Use this URL to cite or link to this record in EThOS: https://ethos.bl.uk/OrderDetails.do?uin=uk.bl.ethos.761687
Title: The study of marine insurable interest : a comparison of laws in China and the United Kingdom
Author: Guo, Jianxun
ISNI:       0000 0004 7653 1764
Awarding Body: University of Exeter
Current Institution: University of Exeter
Date of Award: 2017
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Abstract:
The insurable interest doctrine is one of the fundamental principles in insurance law. It has been long established that it can affect whether the contract is void and whether an assured can make a claim. It has played a role in distinguishing insurance contracts from other risk-transferring contracts, preventing wager policies and moral hazards, etc. However, since the nineteenth century, there has been a debate about what can be sufficient to constitute an insurable interest. Also, along with other issues with insurable interest, it has been argued that the requirement is nowadays unnecessary and may have had a negative effect on the assured’s position. Thus, the proposals to remove the requirement and to widen the concept of insurable interest, etc. have arisen globally amongst academics, the courts and legal practitioners. The UK has thus responded to the call for reform by the Law Commissions conducting a review project on insurable interest. They have in detail discussed the problems with insurable interest and then set out arguments for both retaining and repealing it. They then published the proposals for the purpose of clarifying and ascertaining the law on insurable interest. To benefit the discussion on reform in this area of law in the UK, the reform of the law on insurable interest in other countries, such as in Australia, New Zealand and China has also been studied. Without a deep understanding of the background and theory of insurable interest, it can be difficult to conclude whether it should be retained and which test for it should be adopted. In order to make it clear, the history and pure theory of insurable interest is discussed in Chapters 1 and 2. Chapter 3 then sets out the problems with the requirement of insurable interest derived from both law and practice. The remaining three chapters, i.e. Chapters 4, 5 and 6 have, from a comparative perspective, introduced the law on insurable interest in indemnity insurance, including marine insurance and relevant reforms. Indeed, other jurisdictions have adopted different approaches to the requirement of insurable interest at the time of contract and its definitions seem to be distinct from those in the UK. Finally, in conclusion, the core issue will be answered for the purpose of unifying the law on insurable interest in indemnity insurance and promoting the prosperity of the insurance industry: that is, whether the insurable interest is still required nowadays, and, if it is, when it must attach; additionally, whether an economic interest is sufficient to be an insurable interest or whether the legal relation to the subject matter of insurance is still needed.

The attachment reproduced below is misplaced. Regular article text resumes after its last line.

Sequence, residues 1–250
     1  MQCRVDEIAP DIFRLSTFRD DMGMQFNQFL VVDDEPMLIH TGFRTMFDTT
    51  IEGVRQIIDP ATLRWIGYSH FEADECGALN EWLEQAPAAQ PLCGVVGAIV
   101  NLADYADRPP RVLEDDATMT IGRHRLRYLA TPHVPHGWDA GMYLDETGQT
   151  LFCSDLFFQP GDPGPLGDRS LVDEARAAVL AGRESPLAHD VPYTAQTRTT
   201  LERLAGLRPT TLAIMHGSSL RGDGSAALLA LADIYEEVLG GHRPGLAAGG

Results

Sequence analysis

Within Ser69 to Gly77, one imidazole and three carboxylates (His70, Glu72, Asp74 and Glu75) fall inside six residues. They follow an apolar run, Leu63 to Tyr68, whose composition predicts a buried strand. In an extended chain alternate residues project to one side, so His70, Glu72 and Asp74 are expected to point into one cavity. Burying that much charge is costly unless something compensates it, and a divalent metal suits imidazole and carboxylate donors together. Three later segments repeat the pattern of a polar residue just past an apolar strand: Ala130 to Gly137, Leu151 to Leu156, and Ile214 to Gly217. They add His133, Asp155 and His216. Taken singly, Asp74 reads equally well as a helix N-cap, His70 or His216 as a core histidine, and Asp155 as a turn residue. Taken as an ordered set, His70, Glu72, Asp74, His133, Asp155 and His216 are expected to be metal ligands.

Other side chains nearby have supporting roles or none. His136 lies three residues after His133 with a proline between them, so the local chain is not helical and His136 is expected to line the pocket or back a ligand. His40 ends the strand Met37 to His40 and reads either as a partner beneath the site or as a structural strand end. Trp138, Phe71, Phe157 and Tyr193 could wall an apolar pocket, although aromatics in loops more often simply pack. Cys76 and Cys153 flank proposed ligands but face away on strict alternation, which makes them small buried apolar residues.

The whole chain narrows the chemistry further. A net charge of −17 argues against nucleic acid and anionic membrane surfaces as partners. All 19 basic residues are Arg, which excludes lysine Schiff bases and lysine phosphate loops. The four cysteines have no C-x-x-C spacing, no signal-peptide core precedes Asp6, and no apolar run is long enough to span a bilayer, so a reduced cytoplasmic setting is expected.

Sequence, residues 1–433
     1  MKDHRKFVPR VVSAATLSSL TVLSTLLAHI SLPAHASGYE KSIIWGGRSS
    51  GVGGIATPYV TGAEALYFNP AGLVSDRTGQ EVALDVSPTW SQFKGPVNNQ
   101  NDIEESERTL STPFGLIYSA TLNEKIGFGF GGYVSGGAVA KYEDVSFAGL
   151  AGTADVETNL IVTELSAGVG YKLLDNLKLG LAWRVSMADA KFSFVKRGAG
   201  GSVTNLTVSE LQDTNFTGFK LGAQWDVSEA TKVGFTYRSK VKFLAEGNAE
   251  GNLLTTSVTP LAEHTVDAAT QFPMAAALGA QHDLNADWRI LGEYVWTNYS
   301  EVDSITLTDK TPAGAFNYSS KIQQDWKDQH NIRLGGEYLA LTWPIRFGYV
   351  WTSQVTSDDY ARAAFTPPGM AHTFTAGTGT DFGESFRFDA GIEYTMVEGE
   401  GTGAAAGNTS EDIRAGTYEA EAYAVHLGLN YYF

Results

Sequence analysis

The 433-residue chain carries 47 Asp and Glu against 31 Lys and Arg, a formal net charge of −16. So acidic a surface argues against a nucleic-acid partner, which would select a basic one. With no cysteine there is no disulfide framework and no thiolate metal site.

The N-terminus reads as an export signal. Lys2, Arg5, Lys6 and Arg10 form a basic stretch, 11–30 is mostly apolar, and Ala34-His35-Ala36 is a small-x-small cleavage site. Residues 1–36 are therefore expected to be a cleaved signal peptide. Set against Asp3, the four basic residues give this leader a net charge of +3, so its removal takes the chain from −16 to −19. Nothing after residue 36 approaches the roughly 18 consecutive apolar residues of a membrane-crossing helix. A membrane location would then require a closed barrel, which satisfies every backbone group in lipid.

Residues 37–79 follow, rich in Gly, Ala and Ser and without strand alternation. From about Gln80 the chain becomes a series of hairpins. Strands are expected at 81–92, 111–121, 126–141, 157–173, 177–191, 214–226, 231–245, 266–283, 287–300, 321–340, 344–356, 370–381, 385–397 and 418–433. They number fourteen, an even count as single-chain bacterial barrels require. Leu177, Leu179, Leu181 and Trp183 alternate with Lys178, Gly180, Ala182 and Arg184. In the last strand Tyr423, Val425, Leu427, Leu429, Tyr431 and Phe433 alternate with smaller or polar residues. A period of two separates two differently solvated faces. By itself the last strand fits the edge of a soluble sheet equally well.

Supervisor: Merkin, Rob Sponsor: Not available
Qualification Name: Thesis (Ph.D.) Qualification Level: Doctoral
EThOS ID: uk.bl.ethos.761687  DOI: Not available
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